The 10 iCOR values

Living our values together

The mission of Jesus:
Holistic discipleship

iCOR is oriented on the mission that Jesus has given to us in supporting people in holistic discipleship. Calling people to become disciples of Jesus is not just another program for the church, but much rather its central mission. In order to do justice to this task, the local church must be actively involved in four areas that help lead young people as well as anyone else to become disciples of Jesus:

  • Foster Relationships – reach in
    (e.g. spiritual and social fellowship: Acts 2:46–47; Eph 4:2–3; John 13:34–35)
  • Nurture Spiritual Growth – reach up
    (e.g. 2 Cor 5:17; 2 Thess 1:3; Gal 5:16, 18, 22–23)
  • Promote Mission – reach out
    (e.g. 2 Cor 5:18–20; Acts 9:36, 39)
  • Cultivate Empowerment – reach beyond
    (e.g. Jer 1:7, 9–10; Eph 3:20–21; 4:7–16; 2 Tim 2:2; 4:1–2)

“This concept of the church as ‘the people of God’ -- as God’s new society, his family, his community – breaks upon many today as the most thrilling ‘good news’ they could ever hear. And what transformation it can bring when a person knows that he belongs to God and his people for ever! In an age of isolation, the joy of really belonging to God and of being a part of his people throughout the world – a belonging which depends not on earning acceptance, but on receiving freely of God’s love – is one of the most relevant features of the Christian message of good news.”

David Watson, I Believe in the Church (Grand Rapids/Michigan: William B. Eerdmans Publishing Company: 1978), S. 76.

The 10 iCOR values

On the basis of empirical research, scientific studies and sociological findings, the New Testament understanding of the church and the writings of Ellen G. White, ten fundamental values have been defined that a church should deliberately and continuously develop and evaluate if it wants to be family of God in the biblical sense. These values should be discussed regularly at church board meetings and will help churches to concentrate on core issues that foster the growth of the church as a spiritual home and safe sanctuary for people of all generations, cultures and social backgrounds. The ten iCOR values are not additional programs that a church simply needs to implement. They much rather nurture the commitment and attitude fostered by the church to be family of God and form an intergenerational community of believers in order to satisfy the spiritual needs of young people in a special way. These values form the foundation for further church activities and help the church to define and implement its individual goals.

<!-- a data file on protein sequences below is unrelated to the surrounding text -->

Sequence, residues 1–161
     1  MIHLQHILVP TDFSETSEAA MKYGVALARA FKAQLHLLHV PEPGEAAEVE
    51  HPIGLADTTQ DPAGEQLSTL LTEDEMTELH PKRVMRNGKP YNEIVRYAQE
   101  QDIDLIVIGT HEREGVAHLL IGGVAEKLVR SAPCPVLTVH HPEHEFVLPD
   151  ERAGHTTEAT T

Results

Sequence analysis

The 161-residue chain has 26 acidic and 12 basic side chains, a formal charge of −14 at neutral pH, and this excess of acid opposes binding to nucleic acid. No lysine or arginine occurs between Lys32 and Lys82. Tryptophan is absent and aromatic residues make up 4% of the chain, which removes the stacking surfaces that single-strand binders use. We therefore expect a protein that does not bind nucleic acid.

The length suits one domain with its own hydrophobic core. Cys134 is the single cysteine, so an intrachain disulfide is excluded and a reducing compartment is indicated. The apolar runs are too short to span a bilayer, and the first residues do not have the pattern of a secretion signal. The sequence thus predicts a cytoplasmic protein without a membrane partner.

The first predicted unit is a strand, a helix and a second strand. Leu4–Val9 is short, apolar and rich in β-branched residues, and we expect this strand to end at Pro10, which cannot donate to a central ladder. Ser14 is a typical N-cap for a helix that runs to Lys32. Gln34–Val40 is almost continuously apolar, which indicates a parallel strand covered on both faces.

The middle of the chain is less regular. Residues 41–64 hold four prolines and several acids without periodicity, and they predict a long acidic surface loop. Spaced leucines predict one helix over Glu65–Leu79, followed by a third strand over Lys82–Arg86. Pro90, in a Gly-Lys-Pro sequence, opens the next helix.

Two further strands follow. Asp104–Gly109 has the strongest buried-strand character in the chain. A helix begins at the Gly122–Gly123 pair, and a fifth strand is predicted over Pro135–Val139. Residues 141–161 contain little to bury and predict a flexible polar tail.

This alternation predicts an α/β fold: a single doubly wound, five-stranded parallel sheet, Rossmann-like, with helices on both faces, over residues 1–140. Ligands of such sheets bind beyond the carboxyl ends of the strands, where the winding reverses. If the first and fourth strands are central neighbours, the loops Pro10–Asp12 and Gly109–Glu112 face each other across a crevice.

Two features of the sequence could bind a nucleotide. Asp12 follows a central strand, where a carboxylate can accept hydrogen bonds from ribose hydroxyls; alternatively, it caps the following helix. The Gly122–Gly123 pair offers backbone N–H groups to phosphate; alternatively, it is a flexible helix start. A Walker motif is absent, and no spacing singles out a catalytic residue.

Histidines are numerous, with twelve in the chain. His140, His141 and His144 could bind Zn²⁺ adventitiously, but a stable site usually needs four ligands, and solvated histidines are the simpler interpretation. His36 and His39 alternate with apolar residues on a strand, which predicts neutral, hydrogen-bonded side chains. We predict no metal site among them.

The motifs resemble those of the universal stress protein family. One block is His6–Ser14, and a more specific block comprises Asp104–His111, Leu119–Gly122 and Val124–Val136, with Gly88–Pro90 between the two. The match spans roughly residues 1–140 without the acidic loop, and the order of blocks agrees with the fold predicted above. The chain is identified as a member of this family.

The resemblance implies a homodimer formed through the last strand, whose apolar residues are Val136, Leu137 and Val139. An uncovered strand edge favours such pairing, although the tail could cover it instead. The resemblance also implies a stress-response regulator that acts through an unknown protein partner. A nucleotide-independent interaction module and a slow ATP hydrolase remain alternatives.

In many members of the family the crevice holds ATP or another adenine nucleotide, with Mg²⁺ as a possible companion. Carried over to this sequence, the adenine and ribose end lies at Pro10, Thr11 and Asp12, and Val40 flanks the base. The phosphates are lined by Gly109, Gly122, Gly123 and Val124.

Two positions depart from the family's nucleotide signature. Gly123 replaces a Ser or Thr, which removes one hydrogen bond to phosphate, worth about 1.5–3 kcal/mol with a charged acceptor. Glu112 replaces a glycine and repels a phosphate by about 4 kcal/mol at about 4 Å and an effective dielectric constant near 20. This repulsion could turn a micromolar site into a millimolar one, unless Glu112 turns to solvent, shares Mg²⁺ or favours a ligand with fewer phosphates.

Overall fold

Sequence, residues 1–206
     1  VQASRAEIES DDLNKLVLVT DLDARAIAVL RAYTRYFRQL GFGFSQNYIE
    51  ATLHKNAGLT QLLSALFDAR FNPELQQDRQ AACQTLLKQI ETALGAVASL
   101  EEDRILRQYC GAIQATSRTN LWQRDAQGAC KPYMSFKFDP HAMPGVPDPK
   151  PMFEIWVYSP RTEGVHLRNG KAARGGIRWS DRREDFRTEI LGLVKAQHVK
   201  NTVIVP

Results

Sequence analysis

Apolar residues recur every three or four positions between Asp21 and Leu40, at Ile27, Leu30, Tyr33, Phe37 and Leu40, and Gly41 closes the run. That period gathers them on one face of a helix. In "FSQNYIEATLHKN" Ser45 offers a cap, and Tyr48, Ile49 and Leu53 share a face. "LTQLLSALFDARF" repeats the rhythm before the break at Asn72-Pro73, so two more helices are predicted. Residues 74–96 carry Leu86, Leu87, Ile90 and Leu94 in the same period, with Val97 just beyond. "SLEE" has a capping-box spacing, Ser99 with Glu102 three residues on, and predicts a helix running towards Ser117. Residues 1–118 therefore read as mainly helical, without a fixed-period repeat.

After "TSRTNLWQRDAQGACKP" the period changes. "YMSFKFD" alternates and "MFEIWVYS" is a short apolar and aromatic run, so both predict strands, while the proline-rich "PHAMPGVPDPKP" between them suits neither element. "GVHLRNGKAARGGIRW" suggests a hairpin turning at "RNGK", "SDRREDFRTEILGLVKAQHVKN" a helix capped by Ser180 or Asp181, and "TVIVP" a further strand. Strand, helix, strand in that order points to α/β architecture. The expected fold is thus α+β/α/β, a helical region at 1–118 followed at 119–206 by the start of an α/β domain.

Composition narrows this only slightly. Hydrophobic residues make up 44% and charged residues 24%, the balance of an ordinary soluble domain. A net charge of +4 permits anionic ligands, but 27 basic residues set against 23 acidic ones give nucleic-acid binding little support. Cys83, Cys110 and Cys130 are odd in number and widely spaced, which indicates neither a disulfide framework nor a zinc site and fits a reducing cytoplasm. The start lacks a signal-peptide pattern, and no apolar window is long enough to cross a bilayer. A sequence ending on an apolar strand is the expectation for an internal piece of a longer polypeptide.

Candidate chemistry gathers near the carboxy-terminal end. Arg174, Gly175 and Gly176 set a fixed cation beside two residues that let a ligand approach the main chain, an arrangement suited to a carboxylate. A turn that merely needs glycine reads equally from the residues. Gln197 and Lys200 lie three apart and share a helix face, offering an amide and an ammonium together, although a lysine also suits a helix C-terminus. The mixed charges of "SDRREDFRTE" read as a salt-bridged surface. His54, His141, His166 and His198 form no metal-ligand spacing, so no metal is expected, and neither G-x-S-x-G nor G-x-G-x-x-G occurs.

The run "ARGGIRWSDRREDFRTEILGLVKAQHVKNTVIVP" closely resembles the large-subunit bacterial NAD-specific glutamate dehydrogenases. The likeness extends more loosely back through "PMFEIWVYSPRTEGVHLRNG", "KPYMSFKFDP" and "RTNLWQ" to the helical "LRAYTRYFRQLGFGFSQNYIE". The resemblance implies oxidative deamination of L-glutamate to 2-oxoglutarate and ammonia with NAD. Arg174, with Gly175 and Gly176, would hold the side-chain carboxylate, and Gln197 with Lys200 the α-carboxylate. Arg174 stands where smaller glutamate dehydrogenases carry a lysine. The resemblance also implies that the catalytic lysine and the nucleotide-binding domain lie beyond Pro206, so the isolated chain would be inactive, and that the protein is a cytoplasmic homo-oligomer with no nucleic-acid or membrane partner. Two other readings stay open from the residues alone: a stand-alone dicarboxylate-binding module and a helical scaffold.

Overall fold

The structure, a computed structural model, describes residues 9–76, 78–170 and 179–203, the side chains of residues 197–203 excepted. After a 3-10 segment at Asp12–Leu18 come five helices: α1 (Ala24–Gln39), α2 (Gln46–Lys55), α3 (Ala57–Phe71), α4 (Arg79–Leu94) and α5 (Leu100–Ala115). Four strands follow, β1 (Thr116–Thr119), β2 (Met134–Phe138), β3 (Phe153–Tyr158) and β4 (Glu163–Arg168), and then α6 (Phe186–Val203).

“The church is the evangelistic strategy…The most evangelistic thing the church can do, therefore, is to be the church not merely in public but as a new and alternative public; not merely in society but as a new and distinct society, a new and unprecedented social existence.”

Bryan Stone, Evangelism After Christendom: The Theology and Practice of Christian Witness (Grand Rapids, MI: Brazos Press, 2007), p. 15-16.

iCOR is based on …

… New Testament theology and understanding of faith and the church, e.g.:

  • Joseph H. Hellerman, When the Church Was a Family:
    Recapturing Jesus’ Vision for Authentic Christian Community (Nasville, TN: B&H Publishing Group, 2009)
  • Richard Rice, Believing, Behaving, Belonging: Finding New Love for the Church (Roseville, CA: The Association of Adventist Forums, 2002)

… sociological research concerning life in the church community and the spiritual growth of the generations in the church, e.g.:

  • Holly Catterton Allen and Christine Lawton Ross, Intergenerational Christian Formation – Bringing the Whole Church Together in Ministry, Community and Worship (Downers Grove, IL: IVP Academic, 2012)
  • Howard Vanderwell, ed. The Church of All Ages – Generations Worshiping Together (Herndon, VA: The Alban Institute, 2008)

… the findings of the Valuegenesis studies in the USA and Europe, e.g.:

  • Bailey V. Gillespie and Michael J. Donahue, Valuegenesis: Ten Years Later – A Study of Two Generations (Riverside, CA: Hancock Center Publications, 2004)
  • Stephan Sigg, “A Spiritual Home for Young People? The Adventist Youth and Their Church Seen from the Valuegenesis Europe Data” Part I-III, Spes Christiana Band 24, 2013

… empirical research on the church dropout issue and youth, e.g.:

  • Roger L. Dudley, Why our Teenagers Leave the Church (Hagerstown, MD: Review and Herald, 2000)
  • David Kinnaman, You Lost Me. – Why Young Christians Are Leaving Church…And Rethinking Faith (Grand Rapids, MI: Baker Books, 2011)
  • Ed Stetzer, Richie Stanley, and Jason Hayes, Lost and Found: The Younger Unchurched and the Churches That Reach Them (Nashville, TN: B&H Publishing Group, 2009)

… scientific studies on the transmission of faith in families and churches, e.g.:

  • Vern L. Bengtson, Norella M. Putney and Susan Harris, Families and Faith: How Religion is Passed Down Across Generations (New York: Oxford University Press, 2013).
  • Eugene C. Roehlkepartain, Pamela Ebstyne King, Linda Wagner, and Peter L. Benson, The Handbook of Spiritual Development in Childhood and Adolescence (Thousand Oaks, CA: Sage Publications, 2006)

… the writings of Ellen G. White, in particular:

  • Ellen G. White, Education (Hagerstown, MD: Review and Herald, 1952
  • Ellen G. White, Gospel Workers (Washington, DC: Review and Herald, 1915)

“Intergenerational ministry occurs when a congregation intentionally brings the generations together in mutual serving, sharing or learning within the core activities of the church in order to live out being the Family of God and body of Christ to each other and the greater community.“ Christine M. Ross, „A Qualitative Study Exploring Churches Committed to Intergenerational Ministry”

(doctoral dissertation, Saint Louis University, MO, 2006), p. 127.